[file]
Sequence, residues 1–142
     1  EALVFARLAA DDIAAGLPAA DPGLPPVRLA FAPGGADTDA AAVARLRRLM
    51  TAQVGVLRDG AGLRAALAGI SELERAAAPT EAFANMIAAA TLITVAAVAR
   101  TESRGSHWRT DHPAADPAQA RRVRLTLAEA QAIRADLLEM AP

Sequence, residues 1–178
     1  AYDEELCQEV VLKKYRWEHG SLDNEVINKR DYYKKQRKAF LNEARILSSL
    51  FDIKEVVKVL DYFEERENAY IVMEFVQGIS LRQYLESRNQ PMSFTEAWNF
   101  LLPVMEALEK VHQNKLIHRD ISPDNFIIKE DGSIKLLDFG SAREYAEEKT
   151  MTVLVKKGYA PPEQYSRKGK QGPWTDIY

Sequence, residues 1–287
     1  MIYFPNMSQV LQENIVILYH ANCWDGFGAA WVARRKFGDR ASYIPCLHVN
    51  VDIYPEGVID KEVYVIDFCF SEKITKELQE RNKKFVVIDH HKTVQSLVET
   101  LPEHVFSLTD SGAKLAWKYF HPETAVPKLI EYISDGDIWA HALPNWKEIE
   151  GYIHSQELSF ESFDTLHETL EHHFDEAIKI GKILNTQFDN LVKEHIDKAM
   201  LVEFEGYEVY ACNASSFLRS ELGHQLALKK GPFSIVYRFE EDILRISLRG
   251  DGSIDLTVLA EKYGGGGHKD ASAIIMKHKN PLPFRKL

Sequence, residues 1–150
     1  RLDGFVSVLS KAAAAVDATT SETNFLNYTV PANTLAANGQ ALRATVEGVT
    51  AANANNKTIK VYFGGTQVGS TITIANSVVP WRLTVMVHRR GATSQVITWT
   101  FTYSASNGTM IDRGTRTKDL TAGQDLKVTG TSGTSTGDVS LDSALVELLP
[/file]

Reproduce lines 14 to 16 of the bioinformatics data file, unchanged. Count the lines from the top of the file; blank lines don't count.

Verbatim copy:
   151  GYIHSQELSF ESFDTLHETL EHHFDEAIKI GKILNTQFDN LVKEHIDKAM
   201  LVEFEGYEVY ACNASSFLRS ELGHQLALKK GPFSIVYRFE EDILRISLRG
   251  DGSIDLTVLA EKYGGGGHKD ASAIIMKHKN PLPFRKL